Of course it’s many a year since I was in St. Andrews but the town did creep into my novel A Kettle of Fish which is set in my home county of Fife (I just couldn’t leave it out) and in a weird way it has turned up in the novel I’m writing now which is about (amongst other things) the development of photography in Victorian times. (Ed note… I love the Victorian times and use that era extensively in my writing) What does that have to do with St Andrews?  You’re going to have to wait to find out, but I think you’ll be surprised.

Thanks Melanie for having me here while my own website software is having a meltdown – and I hope I can repay the favour some time soon. (Ed note… having issues on this side of the pond with my stats/publicity plugin so I can understand your angst)

About Ali:

Ali BaconAli Bacon was born in Dunfermline in Scotland and graduated from St Andrews University. She now lives near Bristol. Her writing has been published in Scribble, The Yellow Room and a number of online magazines as well as the Unchained Anthology.

A Kettle of FishA Kettle of Fish (Scottish Contemporary Fiction) and are both available in paperback and e-book formats via major online retailers.

A Kettle of Fish on Facebook!/AKettleOfFish

Website and blog:

Unchained Anthology

Twitter @AliBacon



I don’t have time to be sick…

This was an Easter weekend that won’t soon be forgotten. Being sick at the best of times stinks. Being sick on a holiday is even worse. So while other families were sitting down to turkey or ham and trimmings, the menfolk here had to make due with whatever was in the freezer since I was down for the count. Over the entire weekend, I had about half a bowl of chicken soup (and not all in one sitting) and a slice of toast and couldn’t even eat all of it.

When I was growing up, tea and toast were my go-to food and drink when I wasn’t feeling well. How about you? Do you have a favourite food or drink when you’re sick?


Robbie Burns Day

burns portrait
Scots around the world celebrate the country’s national bard today. Celebrations include a feast of soup (cock-a-leekie – fancy name for chicken and leek), haggis, mashed potatoes, turnips and trifle. Of course most is washed down with Scotland’s national drink – whisky!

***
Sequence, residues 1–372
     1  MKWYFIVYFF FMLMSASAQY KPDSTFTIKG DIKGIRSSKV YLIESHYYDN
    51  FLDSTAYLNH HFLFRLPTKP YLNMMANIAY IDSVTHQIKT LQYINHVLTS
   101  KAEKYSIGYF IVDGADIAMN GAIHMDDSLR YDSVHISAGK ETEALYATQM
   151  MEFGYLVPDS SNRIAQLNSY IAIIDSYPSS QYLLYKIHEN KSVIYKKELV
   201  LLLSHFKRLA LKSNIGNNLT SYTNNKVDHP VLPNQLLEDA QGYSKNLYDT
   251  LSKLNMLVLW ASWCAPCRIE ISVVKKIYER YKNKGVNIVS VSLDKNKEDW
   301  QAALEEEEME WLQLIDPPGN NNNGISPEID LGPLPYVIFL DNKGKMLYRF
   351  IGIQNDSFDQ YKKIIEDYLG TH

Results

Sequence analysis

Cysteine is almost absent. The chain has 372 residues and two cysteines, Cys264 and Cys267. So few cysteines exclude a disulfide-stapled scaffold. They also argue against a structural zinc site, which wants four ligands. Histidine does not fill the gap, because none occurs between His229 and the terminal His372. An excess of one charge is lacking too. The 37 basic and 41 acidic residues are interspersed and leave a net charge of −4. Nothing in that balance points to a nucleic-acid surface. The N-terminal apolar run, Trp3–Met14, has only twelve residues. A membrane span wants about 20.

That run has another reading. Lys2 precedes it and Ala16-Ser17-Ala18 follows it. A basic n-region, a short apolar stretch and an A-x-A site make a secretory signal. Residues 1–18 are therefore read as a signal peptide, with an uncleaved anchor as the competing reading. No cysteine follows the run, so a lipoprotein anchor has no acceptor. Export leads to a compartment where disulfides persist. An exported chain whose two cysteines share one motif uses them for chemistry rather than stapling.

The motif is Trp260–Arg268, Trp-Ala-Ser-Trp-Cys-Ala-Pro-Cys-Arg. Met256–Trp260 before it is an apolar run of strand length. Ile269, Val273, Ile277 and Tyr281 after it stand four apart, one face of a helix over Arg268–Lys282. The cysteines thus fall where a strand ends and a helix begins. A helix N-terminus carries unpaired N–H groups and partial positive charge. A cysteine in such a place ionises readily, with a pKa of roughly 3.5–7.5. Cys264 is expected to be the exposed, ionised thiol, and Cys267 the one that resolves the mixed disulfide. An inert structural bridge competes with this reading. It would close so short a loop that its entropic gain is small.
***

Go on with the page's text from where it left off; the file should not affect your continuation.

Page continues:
For those who take part in The Scotsman’s annual Haggis Hunt, the season ends today (sniff…)

The Haggis

Today, I’m celebrating Robbie Burns Day with Scottish author, Ali Bacon, over at her blog.

It promises to be great fun so drop over and celebrate with us.

Suggested tweets:

#burnsnight with @alibacon and @RobertsoKing Traditional Burns celebration in the virtual world. Haste ye back!

Traditional Burns celebration in the virtual world with @alibacon & @RobertsoKing Haste ye back! #burnsnight #lahe

The stockings were hung…

fireplace with candles… by the chimney with care…

waiting for the arrival of the man with flair

not to mention his long, curly white hair

champagne santaShh… he’s arrived, sat on a barrel as his chair

Sneak in and see what what he has, if your dare

But remember, t’is the season to share…

And now my poem is over (thankfully, you say)

But before I bid my final adieu, if I may…

Merry Christmas to all and to all a good night.

Merry Christmas everyone!


Things are starting to look festive at the House of King…

Dare I say, “It’s beginning to look like Christmas…?” Well here at the House of King it is. It took two  days but the tree is up and in its full glory.

This was as far as I got yesterday. The tree assembled, the branches fluffed and the angel on top. I felt like a walking pincushion by the time I got this far. My arms were scratched and pricked by the “needles”. Whoever said artificial trees were soft and don’t shed were telling a huge untruth.

IMG-20121212-00074However, after reading Living Doll by Famous Five Plus author Serena Fairfax, I’m not so sure I want her on top of my tree. If you read the story, I think you might agree.

Today after getting some more shopping done, including warm white, mini LED lights, the tree took on its full beauty. Things are taking shape – burgundy ribbon and lights (200 of them).

IMG-20121213-00076Add some ornaments… including loads of nutcrackers. What can I say, I love them. I’d do the entire tree in nothing but nutcracker ornaments IMG-20121213-00077And still some more…

IMG-20121213-00078And finally one special one… IMG-20121213-00082Hmm… it looks like my book cover there in the middle of the picture. Made that this afternoon and it has pride of place on the front of my tree.


Yesterday, the local writers’ group I belong to held their annual Christmas tea, hosted by one of the members in her lovely home on the river.